This was one of the first lines I read “Unprecedented heat scorched the Earth’s surface in 2010, tying 2005 for the warmest year“. It appears to me that Mr. Masters has no idea of what the word unprecedented (or scorched for that matter) means. The rest was more of the same, I finally got bored reading.

    Dad and I gonna have to have a chat…

  56. Just The Facts says:

    Hello Ryan et al.

    I’ve begun work on a Tropical Cyclone reference page for WUWT:
    http://wattsupwiththat.com/reference-pages/tropical-cyclone/
    Password: WUWT

    Any recommendations of potential content for the page would be most appreciated.

  57. JAFO says:

    But I thought any dissenting opinion is never published and yet I’ve seen 10+ articles that do just that………..LOL. I guess maybe there isn’t some conspiracy after all.

    And Dr. Maue, do you ever talk with Dr. James Elsner……….you have similar research topics.

    [no, interestingly he is in Greece right now at the 3rd International Tropical Cyclones conference. I attended the 1st in 2007, but none since.]
    [the peer review process is painless if your paper is good enough -- remember, that I am not only a paper submitter but also a reviewer of other papers, too]

  58. timetochooseagain says:

    Ryan, having seen the paper, I am curious as to what your thoughts are on what appears to be ACE actually slightly leading the ENSO indices?

    [ryanm: it's hard to figure this out since the Northern Hemisphere tropical cyclone season occurs when the ENSO signal is not as strong. I suggested in my previous GRL paper in 2009 that the following TC season was set in stone due to the effects of the prior -- and the corresponding imprint upon the SST in the North Pacific. It was just speculation / hypothesis, but hell, if I am right, I was the first -- and I'll be the first to take credit]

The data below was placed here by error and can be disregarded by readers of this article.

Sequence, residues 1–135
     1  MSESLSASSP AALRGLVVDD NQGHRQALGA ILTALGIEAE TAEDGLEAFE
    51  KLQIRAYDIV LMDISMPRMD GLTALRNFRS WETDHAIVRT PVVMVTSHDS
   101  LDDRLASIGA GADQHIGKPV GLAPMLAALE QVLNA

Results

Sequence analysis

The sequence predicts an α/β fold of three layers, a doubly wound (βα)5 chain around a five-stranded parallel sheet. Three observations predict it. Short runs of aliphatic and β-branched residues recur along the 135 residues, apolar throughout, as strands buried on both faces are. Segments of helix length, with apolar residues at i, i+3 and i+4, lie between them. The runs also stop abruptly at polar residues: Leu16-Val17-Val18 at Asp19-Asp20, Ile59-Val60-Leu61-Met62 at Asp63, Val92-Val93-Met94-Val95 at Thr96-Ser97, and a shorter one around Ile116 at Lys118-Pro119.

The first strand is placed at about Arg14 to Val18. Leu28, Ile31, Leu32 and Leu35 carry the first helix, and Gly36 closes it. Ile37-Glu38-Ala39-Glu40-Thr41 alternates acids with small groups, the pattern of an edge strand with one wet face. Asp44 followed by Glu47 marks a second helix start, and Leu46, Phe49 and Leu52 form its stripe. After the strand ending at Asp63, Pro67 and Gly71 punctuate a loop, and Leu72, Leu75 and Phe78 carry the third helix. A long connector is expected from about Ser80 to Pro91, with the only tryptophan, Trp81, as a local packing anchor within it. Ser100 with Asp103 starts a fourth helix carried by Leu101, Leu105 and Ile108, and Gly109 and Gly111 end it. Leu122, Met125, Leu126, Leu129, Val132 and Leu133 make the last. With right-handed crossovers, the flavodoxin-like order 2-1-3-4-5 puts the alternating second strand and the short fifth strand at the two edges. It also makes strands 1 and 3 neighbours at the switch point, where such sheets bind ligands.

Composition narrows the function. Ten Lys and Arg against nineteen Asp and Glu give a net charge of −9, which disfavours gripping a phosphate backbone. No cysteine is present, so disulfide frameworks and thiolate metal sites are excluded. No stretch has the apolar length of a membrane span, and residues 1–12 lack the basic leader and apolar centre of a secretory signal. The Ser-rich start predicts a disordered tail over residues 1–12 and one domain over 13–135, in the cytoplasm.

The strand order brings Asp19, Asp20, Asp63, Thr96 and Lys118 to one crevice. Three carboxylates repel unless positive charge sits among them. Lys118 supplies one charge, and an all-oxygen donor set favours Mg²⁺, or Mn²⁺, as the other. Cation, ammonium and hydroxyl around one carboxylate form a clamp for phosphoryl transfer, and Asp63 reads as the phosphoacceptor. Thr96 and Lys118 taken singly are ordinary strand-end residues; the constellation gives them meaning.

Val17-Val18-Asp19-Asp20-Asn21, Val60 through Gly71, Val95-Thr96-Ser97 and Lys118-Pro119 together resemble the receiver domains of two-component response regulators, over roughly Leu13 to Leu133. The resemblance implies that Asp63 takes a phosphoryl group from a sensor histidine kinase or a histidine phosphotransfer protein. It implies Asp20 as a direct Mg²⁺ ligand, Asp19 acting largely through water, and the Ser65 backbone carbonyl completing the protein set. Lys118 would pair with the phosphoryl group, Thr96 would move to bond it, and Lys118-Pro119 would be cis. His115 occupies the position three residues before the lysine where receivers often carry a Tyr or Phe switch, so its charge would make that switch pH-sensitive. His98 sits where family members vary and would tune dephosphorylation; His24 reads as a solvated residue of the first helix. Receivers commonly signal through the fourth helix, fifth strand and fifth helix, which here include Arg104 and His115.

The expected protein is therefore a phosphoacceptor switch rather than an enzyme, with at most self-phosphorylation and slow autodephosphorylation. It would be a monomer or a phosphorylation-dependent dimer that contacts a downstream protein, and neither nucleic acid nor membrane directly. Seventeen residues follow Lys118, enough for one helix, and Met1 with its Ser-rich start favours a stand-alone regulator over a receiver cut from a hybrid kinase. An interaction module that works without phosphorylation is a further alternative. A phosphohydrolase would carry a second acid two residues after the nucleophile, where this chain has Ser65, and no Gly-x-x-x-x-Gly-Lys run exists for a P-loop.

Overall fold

59. JAFO says:

    Wow……….All these dissenting paper are getting published, but I thought that wouldn’t happen. Just goes to show that if the methodology is sound it will get published.

    And Dr. Maue , do you ever talk to Dr. James Elsner since your research interests are so close?

  60. joel says:

    My bet:

    We will soon hear, from the AGW people, about normal climate variations which are, temporarily, masking human induced warming and the predicted catastrophic events.

    You know, those normal climate variations which where so well known in 1998, and so well measured, and so well dismissed, that the only explanation for the warming observed in 1998 had to be burning fossil fuel. Those normal climate variations.

    Just got done reading the Big Short, about the subprime real estate bubble. All the experts had it wrong, but they all made BIG bucks until the bottom fell out of the market. The capacity for humans to fool themselves, and others, when it is in their own selfish interests, is amazing. Even more amazing was the credulity of the people who were swindled (I count myself among them). They trusted respected institutions (Investment banks, bond rating agencies, the US government, newspapers, financial advisers. A few mavericks, outside the system, made big bucks shorting the bubble. These mavericks were despised. They were nobodies, and got no respect until the day of reckoning, when they became very wealthy.